Canadian Criminal Procedure and Practice/Arrest and Detention/Confidential Informers

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General Principles[edit]

Police will often rely upon confidential informers to form their grounds to affect a warrantless arrest or for a search warrant. These are most pervasively seen in dealings related to drugs and organized crime where confidential communications are so often shared to persons who may have an interest in revealing it to police officers.

A "tip", form an anonymous or confidential source can be used to form the grounds of arrest or search. The "tip" must be considered based on: [1]

  1. the degree of detail provided;
  2. the informant's source of information;
  3. the informant's prior reliability.

This test was previously stated as:[2]

  1. was the information predicting the commission of a criminal offence compelling?
  2. where that information was based on a "tip" originating from a source outside the police, was that source credible?
  3. was the information corroborated by police investigation prior to making the decision to conduct the search?

All these factors are to be balanced together in the "totality of the circumstances" to determine if the evidence meets "the standard of reasonableness".[3]

An anonymous tip generally is not sufficient.[4]

The purpose of considering the level of detail is to "ensure that it is based on more than mere rumour or gossip"[5]

It is insufficient to rely on conclusory statements without any information on the "source or means of knowledge and whether there are any indicia of his or her reliability, such as the supplying of reliable information in the past or confirmation of part of his or her story by police surveillance"[6]

The test remains the same whether considering a warrantless search or a warrant such as a wiretap.[7]

Hearsay from the informant can be sufficient.[8]

Consideration of the reliability of the information must be at the time of the warrantless search or application for a warrant. It cannot be considered ex post facto from the results of the search.[9]

Confirmation of the criminal aspects of a tip is important in cases such as where the tip is anonymous.[10]

Where there is no corroboration or confirmation, the reliability of the source is the essential issue.[11]

  1. R. v. Warford (2001), 161 CCC 309, 2001 NFCA 64 (NLCA)
    R. v. Garofoli, [1990] S.C.J. No. 115 at para. 68
  2. R. v. Debot, [1989] S.C.J. No. 118 1989 CanLII 13 at p. 218-219
  3. R v Debot, supra
    R. v. Garofoli, [1990] S.C.J. No. 115 at para. 68
  4. R. v. Bennett (1996) 108 CCC 175, 1996 CanLII 6344 (QC CA) [1]
  5. R. v. Greffe, 1990 CanLII 143 (SCC), [1990] 1 SCR 755
  6. Greffe, supra
  7. R. v. Garofoli, [1990] S.C.J. No. 115 at para. 68 ("I see no difference between evidence of reliability of an informant tendered to establish reasonable and probable grounds to justify a warrantless search ... and evidence of reliability of an informant tendered to establish similar grounds in respect of a wiretap authorization.")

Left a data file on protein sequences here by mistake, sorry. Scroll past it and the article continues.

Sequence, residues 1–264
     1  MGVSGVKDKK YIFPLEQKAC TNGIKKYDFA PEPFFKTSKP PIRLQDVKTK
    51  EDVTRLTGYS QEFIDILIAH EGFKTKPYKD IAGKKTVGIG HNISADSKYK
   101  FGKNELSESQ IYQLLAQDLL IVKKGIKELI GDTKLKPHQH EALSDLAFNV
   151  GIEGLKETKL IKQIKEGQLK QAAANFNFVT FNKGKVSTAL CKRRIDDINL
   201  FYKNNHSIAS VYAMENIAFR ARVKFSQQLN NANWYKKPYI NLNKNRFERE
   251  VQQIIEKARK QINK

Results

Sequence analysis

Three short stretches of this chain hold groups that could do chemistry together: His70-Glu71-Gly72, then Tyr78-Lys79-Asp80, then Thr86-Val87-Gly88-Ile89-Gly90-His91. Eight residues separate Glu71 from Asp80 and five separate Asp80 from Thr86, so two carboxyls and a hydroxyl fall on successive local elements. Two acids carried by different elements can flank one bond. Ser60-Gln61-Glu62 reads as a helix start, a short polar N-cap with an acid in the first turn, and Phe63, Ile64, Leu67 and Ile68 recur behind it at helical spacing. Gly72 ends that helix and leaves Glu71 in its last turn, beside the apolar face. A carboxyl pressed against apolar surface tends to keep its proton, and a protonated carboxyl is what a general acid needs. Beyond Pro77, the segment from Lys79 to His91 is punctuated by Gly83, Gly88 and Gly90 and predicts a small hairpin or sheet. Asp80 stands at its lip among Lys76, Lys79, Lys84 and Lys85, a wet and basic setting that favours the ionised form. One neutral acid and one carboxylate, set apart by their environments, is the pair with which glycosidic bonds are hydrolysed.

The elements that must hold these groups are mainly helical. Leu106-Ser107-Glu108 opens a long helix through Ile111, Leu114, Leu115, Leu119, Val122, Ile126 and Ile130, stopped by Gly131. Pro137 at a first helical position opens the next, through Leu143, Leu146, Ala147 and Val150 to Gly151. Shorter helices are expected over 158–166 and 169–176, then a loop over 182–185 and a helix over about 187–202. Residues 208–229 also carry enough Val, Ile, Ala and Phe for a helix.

8. R. v. Garofoli, [1990] S.C.J. No. 115 at para. 68
  9. R. v. Garofoli, [1990] S.C.J. No. 115 at para. 68
  10. see R. v. Campbell, 2003 MBCA 76 (CanLII), 2003 MBCA 76, at par. 27
  11. R. v. Maton, 2005 BCSC 330 (CanLII) at para. 45 R. v. Pippin 1994 CanLII 4659 (SK CA)
    R. v. Cheecham, (1989), 51 C.C.C. (3d) 498 (Sask. C.A.)
    R. v. Duther, 2002 NBPC 4
    R. v. Duncan 2004 MBCA 64 (CanLII)

Other Factors[edit]

  • Level of detail of the informer's information:
    • Length of discussions with informer
    • Amount of information known of accused (by name or description)?
    • Did information include the location of criminal offence?
    • did information include nature and quality of drugs?
    • did information include the nature of the deal?
  • Informers source of knowledge
    • 1st, 2nd or 3rd hand information? (3rd degree is as good as anonymous)
    • Freshness of the information
  • Past reliability:[1]
    • Length of time known
    • Frequency of contact
    • # of times paid (before / after incident)
    • # of valid search warrants based on his information
    • Had searches resulted in seizure of drugs/monies/weapons (If so, in what amount?)
    • Had information resulted in convictions?
    • # of negative, false or inaccurate information?
    • # of cases resulted in dismissed/acquitted/withdrawn
  • Credibility of Informer
    • Did they have pending charges at the time?
    • Non-conclusory information
    • Did thye have a criminal record? For offences of dishonesty? If so, how many, and how long ago?
  • Corroboration/Confirmation by other investigative sources
    • how many/much of the details of the information confirmed?
    • how much of the information was non-obvious or obscure?

An informer with a criminal record is quite frequent and expected. The presence of a record should not necessarily negate the value of the information.[2] However, offences such as perjury will likely have an impact on their credibility. [3]

  1. Garofoli,.supra, emphasizes past reliability
  2. Robertson c. Mohawk Council of Kahnawake, 2010 QCCS 355 (CanLII), <http://canlii.ca/t/27ww0> at 29
  3. R. v. Pelley, 2002 CanLII 20132 (NL PC), <http://canlii.ca/t/1chqr> at 21

Cross-Examination of Affiant[edit]

The accused may only cross-examine an officer who sworn an affidavit to obtain a search warrant with leave of the court. Leave should be granted where it would assist in the determination of whether there is a basis upon which the authorizing judge could have granted the order.[1]


See Also[edit]


References[edit]

  1. Salhany, Canadian Criminal Procedure, Sixth Edition, at 3.1880
    see also: Parsons v. R., 2012 CanLII 42275 (NL SCTD) - leave refused